Journal of Urban Culture Research


Tom Borrup

Publication Date



Formal organizational structures and patterns of production and distribution of culture typical in most major cities emerged with, and are patterned after, Industrial Age thinking and Eurocentric cultural forms. These modernist, hierarchical, centralized, mass-production-oriented models-that separate art producer from consumer-face unprecedented challenges. In this article I argue that urban cultural infrastructures, and the institutions and organizing principles that comprise them, are being undermined and replaced. Research into the cultural infrastructure of California's Silicon Valley finds more decentralized, non-hierarchical, participatory, and culturally-diverse patterns. These stand out in comparison with nine other U.S. cites. This contemporary cradle of innovation and its cultural infrastructure similar forms of participant-generated self-expression, interaction, and self-organizing emerging from the region's corporate cubicles and start-up garages. I call for more research on how urban cultural infrastructures are likely to evolve and suggest that Silicon Valley, and its core city of San Jose, offer some indications.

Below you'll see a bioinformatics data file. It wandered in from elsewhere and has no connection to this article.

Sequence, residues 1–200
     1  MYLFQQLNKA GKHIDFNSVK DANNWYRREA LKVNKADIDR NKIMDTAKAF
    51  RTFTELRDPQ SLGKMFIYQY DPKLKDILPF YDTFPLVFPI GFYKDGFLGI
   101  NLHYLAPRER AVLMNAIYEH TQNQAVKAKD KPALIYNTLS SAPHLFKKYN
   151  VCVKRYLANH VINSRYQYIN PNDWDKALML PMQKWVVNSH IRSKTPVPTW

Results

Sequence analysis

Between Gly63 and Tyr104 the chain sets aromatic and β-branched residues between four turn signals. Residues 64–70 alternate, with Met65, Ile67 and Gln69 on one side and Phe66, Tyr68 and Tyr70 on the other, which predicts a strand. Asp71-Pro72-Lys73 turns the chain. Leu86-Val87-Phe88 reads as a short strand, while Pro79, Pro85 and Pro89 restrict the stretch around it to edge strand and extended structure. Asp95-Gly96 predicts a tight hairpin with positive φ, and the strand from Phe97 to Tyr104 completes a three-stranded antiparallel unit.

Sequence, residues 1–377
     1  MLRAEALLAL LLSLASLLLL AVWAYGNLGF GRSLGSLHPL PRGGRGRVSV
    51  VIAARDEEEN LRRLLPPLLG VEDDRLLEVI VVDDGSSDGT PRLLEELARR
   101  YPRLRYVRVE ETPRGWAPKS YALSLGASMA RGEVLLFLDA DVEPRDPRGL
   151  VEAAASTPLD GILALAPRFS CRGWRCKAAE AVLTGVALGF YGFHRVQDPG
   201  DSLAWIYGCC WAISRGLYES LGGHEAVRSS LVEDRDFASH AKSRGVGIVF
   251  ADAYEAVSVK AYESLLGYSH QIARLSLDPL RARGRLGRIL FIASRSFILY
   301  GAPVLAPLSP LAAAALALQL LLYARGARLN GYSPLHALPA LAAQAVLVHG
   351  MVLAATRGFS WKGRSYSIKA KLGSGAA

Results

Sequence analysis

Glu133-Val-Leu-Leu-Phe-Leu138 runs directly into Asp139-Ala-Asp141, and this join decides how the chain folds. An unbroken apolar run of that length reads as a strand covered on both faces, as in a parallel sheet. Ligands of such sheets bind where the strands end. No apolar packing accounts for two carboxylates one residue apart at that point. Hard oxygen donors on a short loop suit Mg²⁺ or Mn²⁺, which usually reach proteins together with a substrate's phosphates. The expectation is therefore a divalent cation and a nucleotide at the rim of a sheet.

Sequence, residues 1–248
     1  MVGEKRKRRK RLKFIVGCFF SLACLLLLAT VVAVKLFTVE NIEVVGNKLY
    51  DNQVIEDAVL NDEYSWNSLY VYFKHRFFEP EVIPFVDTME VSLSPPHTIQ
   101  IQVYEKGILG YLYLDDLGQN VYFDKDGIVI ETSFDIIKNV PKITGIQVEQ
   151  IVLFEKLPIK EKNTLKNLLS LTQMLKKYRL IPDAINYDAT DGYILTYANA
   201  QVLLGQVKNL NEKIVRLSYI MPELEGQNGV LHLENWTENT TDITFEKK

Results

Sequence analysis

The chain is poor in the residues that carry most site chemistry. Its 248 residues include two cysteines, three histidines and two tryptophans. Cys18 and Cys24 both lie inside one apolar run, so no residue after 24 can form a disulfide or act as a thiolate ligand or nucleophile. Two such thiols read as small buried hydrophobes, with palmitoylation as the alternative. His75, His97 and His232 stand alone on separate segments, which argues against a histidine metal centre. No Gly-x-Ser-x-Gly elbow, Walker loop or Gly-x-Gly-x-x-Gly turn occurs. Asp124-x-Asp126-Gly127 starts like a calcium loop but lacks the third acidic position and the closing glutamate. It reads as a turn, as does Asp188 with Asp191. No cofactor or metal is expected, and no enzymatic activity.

First Page


Last Page




To view the content in your browser, please download Adobe Reader or, alternately,
you may Download the file to your hard drive.

NOTE: The latest versions of Adobe Reader do not support viewing PDF files within Firefox on Mac OS and if you are using a modern (Intel) Mac, there is no official plugin for viewing PDF files within the browser window.